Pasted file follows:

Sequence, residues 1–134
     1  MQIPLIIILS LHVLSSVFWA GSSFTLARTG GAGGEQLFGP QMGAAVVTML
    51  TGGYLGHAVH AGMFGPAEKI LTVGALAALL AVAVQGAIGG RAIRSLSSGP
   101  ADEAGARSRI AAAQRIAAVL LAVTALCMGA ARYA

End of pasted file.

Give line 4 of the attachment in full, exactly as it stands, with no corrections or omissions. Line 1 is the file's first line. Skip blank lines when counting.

   101  ADEAGARSRI AAAQRIAAVL LAVTALCMGA ARYA